"Only heaven knows how glory goes; What each of us was meant to be". That manifest destiny is what our doomed cave explorer ponders in Bohemian Theatre Ensemble's majestic new production of Floyd Collins, the 1996 musical written by Steppenwolf's Tina Landau and Adam Guettel (The Light In The Piazza).
Based on true events, Floyd Collins was a Kentucky cave explorer who in January of 1925, became entrapped 150 feet underground and ultimately perished more then two weeks later. The musical recounts how the attempted rescue became a nationwide media circus– the first of its kind in America, and was the third largest news story between the World Wars. More interestingly, the play also focuses inward on Floyd and his relationship with his family including a tyrannical father, a brother who wants nothing more than to leave the family behind and a sister, who is mentally frail but who has nothing but love for her brother.
The play opens with Collins planning to make his fortune by opening a cave for tourists to visit. He strikes a deal with some local farmers whose land the cave encroaches upon and in exploring a remote shaft, becomes trapped. After a newspaper reporter, Skeets Miller (Greg Foster) files the story on Collins, the media descends en masse, on the rural town. A mirror is held up to their society and conflict soon arises on how to best rescue Collins. Ego's are inflated and what is in the best interest of our victim is soon eclipsed as people's own self interest take hold in the media spotlight . The story grows larger each day making Collins' a national celebrity. However, as his fame grows on the outside world, Floyd becomes more introspective as his body grows weaker and weaker. This counterpoint in the narrative gives the musical its center. Floyd is able to reconcile himself to his fate, and the piece ends as he, much like a child, asks God what heaven is like, finally questioning "Will my mother be there waiting for me?"
Director Peter Marston Sullivan has given us an epic and poignant Floyd Collins and will surely be regarded as one of Boho's greatest achievements. Sullivan has brought together a cast that works as a seamless unit. As the title character, Jim DeSelm is sensational. From his first entrance, DeSelm instantly connects with the audience on a visceral level and never lets go untill the final scene. Equally as engaging is Jon Harrison as Floyd's brother Homer. It is Harrison and DeSelm's scenes together that give this production its emotional wallop.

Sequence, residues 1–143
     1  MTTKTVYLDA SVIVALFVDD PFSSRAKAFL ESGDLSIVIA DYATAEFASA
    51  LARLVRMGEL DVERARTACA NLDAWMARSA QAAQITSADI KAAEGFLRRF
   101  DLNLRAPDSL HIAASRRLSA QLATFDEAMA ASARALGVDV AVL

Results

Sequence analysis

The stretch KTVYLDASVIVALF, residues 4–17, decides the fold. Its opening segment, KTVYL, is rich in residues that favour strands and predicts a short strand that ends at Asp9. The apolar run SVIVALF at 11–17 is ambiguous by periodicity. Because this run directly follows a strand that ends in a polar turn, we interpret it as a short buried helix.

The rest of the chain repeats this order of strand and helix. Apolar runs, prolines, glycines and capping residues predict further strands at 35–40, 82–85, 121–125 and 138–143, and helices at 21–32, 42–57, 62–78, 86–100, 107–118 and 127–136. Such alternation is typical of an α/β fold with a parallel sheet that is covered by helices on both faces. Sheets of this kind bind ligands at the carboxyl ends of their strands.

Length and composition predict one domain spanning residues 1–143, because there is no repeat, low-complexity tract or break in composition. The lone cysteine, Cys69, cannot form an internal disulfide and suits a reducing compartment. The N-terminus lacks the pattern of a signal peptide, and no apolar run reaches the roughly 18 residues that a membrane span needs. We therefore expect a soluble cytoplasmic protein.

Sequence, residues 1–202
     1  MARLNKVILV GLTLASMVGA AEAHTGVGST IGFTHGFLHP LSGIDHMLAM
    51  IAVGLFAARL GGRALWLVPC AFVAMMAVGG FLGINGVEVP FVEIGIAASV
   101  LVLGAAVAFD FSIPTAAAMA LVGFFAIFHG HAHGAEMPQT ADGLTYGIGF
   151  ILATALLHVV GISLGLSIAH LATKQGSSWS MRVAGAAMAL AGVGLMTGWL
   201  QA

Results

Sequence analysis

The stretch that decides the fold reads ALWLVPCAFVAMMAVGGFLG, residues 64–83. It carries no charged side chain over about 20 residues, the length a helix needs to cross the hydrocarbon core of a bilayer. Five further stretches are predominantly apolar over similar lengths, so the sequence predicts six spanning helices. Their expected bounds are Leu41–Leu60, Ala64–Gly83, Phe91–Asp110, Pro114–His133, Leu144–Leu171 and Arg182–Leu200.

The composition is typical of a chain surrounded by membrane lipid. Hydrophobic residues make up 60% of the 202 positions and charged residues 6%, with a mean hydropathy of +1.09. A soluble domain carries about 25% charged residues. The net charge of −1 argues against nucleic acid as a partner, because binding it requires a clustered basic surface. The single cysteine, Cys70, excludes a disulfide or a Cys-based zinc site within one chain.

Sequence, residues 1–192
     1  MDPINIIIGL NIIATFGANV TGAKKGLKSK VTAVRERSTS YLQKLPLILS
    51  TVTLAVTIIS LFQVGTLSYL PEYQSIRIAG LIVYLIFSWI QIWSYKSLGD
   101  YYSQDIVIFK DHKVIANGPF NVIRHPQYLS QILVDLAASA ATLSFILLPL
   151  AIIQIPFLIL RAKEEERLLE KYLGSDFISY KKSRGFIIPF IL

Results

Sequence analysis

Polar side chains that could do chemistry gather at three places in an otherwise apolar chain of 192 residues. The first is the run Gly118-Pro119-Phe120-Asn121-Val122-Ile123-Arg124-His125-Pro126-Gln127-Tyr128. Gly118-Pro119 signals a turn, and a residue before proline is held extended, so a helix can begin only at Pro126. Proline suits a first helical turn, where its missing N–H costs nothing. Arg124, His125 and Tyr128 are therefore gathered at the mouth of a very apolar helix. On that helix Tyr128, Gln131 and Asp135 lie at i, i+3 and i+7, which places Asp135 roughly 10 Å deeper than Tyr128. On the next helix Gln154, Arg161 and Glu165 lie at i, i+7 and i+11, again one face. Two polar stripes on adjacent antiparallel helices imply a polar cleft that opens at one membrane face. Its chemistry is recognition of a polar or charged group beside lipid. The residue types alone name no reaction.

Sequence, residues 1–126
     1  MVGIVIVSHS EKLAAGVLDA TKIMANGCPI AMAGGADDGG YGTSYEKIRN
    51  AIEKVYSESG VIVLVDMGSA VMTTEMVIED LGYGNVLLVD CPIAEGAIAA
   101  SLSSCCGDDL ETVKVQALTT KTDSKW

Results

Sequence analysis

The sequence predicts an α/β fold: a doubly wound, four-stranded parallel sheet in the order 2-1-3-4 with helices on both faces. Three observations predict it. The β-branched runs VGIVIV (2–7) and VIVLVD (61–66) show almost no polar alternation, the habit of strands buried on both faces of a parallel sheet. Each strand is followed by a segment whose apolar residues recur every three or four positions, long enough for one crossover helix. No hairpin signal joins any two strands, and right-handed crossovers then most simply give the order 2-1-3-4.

This production also benefits from Alan Bukowiecki's masterful musical direction of Adam Guettel's difficult score which is at times very dissonant. Every lyric is understandable and every harmony is spot on. The choral numbers can glue you to the back of your seat and then at the next moment, bring a tear to your eye. The orchestrations leave nothing wanting and at the performance I attended, conductor Allison Hendrix kept perfect balance of the orchestra's sound, never drowning out the cast.
All other aspects of this production come together seamlessly. Christopher Kriz' sound design makes you feel the vastness of the cave through echos, and Diane D. Fairchild's set and lighting design give the cast a perfect place to tell Collin's tale.
Floyd Collins runs through July 15th at Theater Wit, 1229 W. Belmont Ave., Chicago. For more information visit www.BoHo.org. For tickets please visit www.theaterwit.org or call 777.975.8150